"The seas were so big that the sun was able to penetrate through them at an angle usually unwarranted for this part of the Pacific. The result was that the waves began to take on a slight hue of green and white. These are known as the infamous green water waves that legends and disaster are frequently made of. I was confident that things could not get any worst, when Albie began to yell something in a loud voice trying not to be drowned out by the gale force wind. Even though I was literally right next to him, all I could make out were the words “Ship” and then something about “run us over”. Instead of asking him to yell louder, all I had to do is look up in the direction he was pointing. Barreling down on us from the North was a 500 ton Foster tug with a massive steel barge in tow. We just could not imagine anyone else being caught out here in this nasty storm. What was even more unbelievable was the fact that the vessel was unmistakably what in nautical terminology is known as CBDR or constant bearing, diminishing range. In laymen’s terminology, on a collision course with us! Unfortunately, not only were we crossing within the freighter zone for commercial traffic, but even if we weren’t, a vessel restricted in her ability to maneuver has supremacy even over a sailboat according to the International rules of the road, otherwise known as COLREGS. In other words, time to get out of the way, and quickly! On Albie's command we initiated the procedures to tack. There was only one problem. The boat was not responding to the tiller. NOOOOOO! Not now! But refuse it did. The steel ship was getting a lot closer by now. I’m sure the Master of the tug had tried to hail us on channel 16 VHF, but we decided to leave it off so the batteries would not be depleted in case of an emergency. I was actually glad we didn’t turn the transceiver on, because odds are we probably would have heard a lot of obscenities from the Tug Boat Captain by now. We were barely able to maintain steerageway as we clawed our way towards home, but did not have enough forward momentum to bring her about (to tack). We could have adjusted our sail and our course to accelerate, and then attempt to tack again, but there was no longer time to even think about that option. Things were getting very close now. Unfortunately, ships don’t have antilock disk braking systems, like a Ferrari convertible. In fact sometimes it may take a ship of that size over a mile to come to a stop. With a big barge behind there was not much recourse for the tugboat but to just run us over, and literally keep going. As the feeling of despair became more eminent, we again looked towards his vessel. He was trying to take evasive action by dramatically changing course so as to go behind us. “I hope he has enough room” I was thinking. Our only other option was to jibe, but I was certain that an attempt to do so would rent our mainsail to shreds, or cause serious damage to the standing rigging, which was already hanging on by a thread. --- After this close call, I suggested that Abie take a break, so that in case the worst was not over, he could regain some of his strength. As for myself, I was feeling chipper enough, but knew that I was not going to last forever under these circumstances. It was such a relief to know that I had Albie to relieve me when I couldn’t take it anymore. I am quite sure it would have been far more terrifying to be alone and even further out to sea like many single handers that have sailed around the globe alone.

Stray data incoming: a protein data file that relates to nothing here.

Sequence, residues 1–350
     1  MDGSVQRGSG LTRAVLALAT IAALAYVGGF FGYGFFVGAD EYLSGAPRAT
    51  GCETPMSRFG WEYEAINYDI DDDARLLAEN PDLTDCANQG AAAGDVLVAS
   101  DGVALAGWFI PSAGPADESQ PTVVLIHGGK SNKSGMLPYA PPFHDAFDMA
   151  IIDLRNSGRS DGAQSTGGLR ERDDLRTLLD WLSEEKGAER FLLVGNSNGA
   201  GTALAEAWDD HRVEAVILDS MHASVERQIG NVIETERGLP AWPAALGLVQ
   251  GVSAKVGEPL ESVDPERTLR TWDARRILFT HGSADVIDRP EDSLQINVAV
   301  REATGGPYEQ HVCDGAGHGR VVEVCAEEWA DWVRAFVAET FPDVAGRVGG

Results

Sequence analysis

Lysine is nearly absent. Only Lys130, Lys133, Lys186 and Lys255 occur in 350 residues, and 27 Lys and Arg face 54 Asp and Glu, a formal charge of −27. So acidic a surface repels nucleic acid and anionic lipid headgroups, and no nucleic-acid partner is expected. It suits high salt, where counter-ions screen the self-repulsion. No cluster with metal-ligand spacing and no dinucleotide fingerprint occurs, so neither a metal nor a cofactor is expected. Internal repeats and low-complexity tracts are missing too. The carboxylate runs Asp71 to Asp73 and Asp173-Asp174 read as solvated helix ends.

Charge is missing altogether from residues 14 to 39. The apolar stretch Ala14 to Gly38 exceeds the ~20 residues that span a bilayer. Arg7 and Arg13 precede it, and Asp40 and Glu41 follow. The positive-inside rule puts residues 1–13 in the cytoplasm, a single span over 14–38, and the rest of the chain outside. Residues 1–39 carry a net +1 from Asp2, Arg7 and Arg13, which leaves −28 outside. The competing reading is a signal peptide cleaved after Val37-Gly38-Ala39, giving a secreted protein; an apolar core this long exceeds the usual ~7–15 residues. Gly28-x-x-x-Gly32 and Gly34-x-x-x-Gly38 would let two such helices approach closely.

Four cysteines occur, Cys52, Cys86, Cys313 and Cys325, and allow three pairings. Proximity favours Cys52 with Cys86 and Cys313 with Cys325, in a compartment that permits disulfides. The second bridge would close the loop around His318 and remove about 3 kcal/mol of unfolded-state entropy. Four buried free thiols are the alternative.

Check Next week for the continuation of the story!


~Albie
Thanks for your comments!

My new Mast!

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Albie